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Teaching Kids More Than One Language


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Teaching Kids More Than One Language

Hello, I am Olivia Weurst. I am a strong supporter of teaching kids more than one language by the end of elementary school. With the world rapidly expanding, kids will need to speak several different languages to reach outside of their communities. Teaching kids just one extra language makes it easier to pick up other forms of speech later on. Kids take to languages quickly while enrolled in immersion programs. These programs mix the use of two languages to allow kids to pick up vocabulary quickly. I hope to explore all of the different language education programs for kids through my site. Parents and teachers can use the information on my site to help their kids expand their worldview and language abilities. Thank you.

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4 Ways Accredited Preschools Engage Families

You want the best for your young child's early education. Accredited preschools provide quality programs that meet nationally recognized standards. Not only do these early learning centers and schools have to prove their worth when it comes to what they teach, they also have to demonstrate that they know who they teach. Maintaining relationships with families is a key part of any effective preschool program, according to the National Association for the Education of Young Children (NAEYC). Accrediting agencies, such as NAEYC and the National Early Childhood Program Accreditation organization, require a commitment to this ideal before granting accredited status.

What are some of the ways that accredited preschools create relationships with parents and families?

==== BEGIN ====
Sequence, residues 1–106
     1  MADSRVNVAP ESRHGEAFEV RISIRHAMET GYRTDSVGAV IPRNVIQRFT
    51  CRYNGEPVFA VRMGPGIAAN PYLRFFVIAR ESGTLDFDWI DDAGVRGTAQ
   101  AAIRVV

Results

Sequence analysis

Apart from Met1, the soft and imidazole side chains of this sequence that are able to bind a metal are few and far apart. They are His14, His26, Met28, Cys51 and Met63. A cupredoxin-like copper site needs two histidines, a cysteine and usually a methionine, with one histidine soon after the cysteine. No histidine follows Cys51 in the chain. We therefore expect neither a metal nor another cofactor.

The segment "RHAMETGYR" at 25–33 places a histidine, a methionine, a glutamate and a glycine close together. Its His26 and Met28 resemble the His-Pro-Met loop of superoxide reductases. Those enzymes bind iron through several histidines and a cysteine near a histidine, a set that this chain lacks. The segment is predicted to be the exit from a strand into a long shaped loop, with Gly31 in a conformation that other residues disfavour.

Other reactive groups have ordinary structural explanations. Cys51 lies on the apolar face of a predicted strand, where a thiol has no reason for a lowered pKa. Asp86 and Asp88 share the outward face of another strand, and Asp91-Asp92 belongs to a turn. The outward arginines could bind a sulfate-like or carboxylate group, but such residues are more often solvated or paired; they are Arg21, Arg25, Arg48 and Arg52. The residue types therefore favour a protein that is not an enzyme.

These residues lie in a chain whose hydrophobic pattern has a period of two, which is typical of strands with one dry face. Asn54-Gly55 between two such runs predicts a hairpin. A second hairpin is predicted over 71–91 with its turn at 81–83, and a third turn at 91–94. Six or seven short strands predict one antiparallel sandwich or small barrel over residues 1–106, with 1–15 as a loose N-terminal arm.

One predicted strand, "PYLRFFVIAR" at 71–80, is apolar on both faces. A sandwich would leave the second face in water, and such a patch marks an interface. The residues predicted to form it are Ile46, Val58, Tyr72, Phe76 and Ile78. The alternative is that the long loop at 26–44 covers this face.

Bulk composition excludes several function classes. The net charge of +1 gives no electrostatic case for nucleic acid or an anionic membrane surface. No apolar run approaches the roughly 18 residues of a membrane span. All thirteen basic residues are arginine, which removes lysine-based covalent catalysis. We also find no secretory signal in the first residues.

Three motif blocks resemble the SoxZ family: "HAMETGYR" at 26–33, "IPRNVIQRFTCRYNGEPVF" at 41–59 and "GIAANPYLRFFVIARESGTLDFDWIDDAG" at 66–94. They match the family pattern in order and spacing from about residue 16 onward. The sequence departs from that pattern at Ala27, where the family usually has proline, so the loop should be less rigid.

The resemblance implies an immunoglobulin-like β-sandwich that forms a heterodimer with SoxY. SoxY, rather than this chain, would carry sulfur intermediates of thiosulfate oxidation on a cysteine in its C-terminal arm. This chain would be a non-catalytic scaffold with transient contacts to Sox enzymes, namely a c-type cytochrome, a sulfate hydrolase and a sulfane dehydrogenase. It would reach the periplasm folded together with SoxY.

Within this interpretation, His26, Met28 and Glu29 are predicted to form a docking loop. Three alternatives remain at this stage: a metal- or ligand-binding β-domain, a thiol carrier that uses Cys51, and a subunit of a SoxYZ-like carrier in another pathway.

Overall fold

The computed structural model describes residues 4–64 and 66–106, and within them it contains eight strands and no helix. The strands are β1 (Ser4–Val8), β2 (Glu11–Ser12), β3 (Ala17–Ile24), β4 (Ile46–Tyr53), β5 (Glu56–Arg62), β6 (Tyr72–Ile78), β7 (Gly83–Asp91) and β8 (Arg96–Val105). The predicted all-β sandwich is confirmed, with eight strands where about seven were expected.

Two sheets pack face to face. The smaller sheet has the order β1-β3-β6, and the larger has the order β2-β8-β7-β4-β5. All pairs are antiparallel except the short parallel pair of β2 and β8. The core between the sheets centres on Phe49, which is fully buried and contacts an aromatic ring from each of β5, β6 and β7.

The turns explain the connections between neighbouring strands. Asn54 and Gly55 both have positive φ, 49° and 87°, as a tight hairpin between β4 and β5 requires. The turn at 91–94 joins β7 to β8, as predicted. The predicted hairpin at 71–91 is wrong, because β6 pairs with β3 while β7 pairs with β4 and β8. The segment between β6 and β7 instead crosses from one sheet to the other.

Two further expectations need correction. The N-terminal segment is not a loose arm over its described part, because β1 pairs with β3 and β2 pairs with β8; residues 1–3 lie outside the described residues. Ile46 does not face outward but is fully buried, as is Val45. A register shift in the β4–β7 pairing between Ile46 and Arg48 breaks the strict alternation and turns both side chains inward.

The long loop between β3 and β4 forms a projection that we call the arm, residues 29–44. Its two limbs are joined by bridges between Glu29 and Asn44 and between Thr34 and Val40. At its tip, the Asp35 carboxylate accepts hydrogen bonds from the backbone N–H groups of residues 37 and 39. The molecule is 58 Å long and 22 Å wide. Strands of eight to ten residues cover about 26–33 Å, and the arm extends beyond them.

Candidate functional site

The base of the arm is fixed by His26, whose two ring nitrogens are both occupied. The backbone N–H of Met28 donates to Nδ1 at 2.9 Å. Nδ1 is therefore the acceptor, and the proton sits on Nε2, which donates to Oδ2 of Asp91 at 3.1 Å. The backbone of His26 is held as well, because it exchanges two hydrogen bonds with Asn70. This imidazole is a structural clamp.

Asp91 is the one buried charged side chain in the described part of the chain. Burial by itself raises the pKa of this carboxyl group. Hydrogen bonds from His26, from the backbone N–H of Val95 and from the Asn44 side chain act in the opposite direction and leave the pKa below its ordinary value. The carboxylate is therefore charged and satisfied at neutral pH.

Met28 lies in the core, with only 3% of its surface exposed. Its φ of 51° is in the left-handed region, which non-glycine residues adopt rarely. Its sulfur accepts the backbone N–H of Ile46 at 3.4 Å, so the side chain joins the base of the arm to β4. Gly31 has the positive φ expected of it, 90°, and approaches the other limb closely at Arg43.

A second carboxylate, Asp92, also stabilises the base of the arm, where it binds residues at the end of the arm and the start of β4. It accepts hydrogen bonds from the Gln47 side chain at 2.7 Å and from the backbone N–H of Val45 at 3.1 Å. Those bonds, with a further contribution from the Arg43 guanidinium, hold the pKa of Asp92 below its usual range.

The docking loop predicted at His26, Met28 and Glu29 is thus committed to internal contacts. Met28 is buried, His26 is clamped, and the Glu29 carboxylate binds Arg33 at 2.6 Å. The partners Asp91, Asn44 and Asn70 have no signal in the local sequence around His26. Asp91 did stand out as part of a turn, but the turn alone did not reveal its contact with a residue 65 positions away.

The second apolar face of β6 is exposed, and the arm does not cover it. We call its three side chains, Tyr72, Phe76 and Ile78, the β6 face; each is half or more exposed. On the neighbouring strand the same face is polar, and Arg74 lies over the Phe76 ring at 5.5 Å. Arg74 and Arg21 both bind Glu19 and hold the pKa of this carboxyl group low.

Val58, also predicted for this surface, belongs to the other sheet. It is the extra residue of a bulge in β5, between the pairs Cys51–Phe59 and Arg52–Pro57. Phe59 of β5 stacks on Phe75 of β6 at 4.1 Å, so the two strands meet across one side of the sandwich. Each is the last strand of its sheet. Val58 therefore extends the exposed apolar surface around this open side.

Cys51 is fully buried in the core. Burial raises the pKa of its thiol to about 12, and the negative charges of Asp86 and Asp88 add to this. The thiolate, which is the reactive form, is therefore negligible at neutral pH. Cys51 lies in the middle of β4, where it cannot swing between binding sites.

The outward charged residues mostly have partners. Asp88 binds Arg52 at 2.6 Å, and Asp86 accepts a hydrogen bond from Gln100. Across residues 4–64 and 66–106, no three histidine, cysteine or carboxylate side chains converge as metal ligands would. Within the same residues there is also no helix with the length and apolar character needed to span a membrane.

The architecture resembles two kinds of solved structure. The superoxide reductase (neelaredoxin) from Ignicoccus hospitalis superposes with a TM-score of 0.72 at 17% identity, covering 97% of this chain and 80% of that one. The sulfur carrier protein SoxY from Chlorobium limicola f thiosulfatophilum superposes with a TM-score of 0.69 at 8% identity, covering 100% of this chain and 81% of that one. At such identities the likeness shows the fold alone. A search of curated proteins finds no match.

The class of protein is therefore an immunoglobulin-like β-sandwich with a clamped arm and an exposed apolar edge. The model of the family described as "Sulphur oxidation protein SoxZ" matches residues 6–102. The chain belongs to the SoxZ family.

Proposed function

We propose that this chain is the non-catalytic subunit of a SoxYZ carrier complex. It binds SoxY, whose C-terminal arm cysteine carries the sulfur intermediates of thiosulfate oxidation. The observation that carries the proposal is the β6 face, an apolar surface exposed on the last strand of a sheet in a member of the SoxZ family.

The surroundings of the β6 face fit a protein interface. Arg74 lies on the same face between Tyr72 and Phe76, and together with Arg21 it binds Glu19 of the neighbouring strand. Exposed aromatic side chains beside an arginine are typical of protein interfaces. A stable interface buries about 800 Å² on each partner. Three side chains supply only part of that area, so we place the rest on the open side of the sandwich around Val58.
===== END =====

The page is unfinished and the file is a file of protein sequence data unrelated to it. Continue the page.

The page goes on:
1. Teacher-level engagement. You see your child's teacher every day during drop-off or pick-up. In a quality preschool program the teacher makes an effort to engage you in some form of communication at these times. This doesn't always mean a lengthy discussion or a full run-down on how your child is doing. It may be something as simple as, "Hi! Gina is really enjoying music. Did she sing the alphabet song to you yet?" If all of the parents come in at once, it's not likely that the teacher has plenty of time to talk. If this is the case, she may schedule special conferences, send email updates or hand out regular classroom newsletters.

2. Cultural sensitivity. Not every family communicates or engages in school the same way. According to NAEYC, accredited preschools need to set family engagement in the context of cultural diversity. This means developing a sense of sensitivity to other culture's values, beliefs and language.

3. Provide program information. A school handbook may seem like a simple list of rules and regulations, but it's also a way that programs engage families in the learning experience. The more information that you have on the program, the more that you understand what your child is doing during her day. This breeds a higher level of comfort. Information on how to contact the teacher, when the teacher may contact you and ways to take part in classroom activities also help you to become part of the preschool community.

4. Classroom-level engagement. Field trips, classroom parties and other special events all offer opportunities for families to engage. For example, your child's teacher may ask for help planning crafts for the Valentine's Day party or send a letter home detailing the times of the annual preschool performance.

Preschool accreditation means much more than setting standards for curriculum and learning. Family engagement at the teacher-parent and classroom levels need to take cultural sensitive approaches and include the provision of essential information that makes everyone feel included. When you're looking for a preschool program, ask about accreditation and how they meet parent engagement needs. For more information, talk to a place like D & J Educational Inc.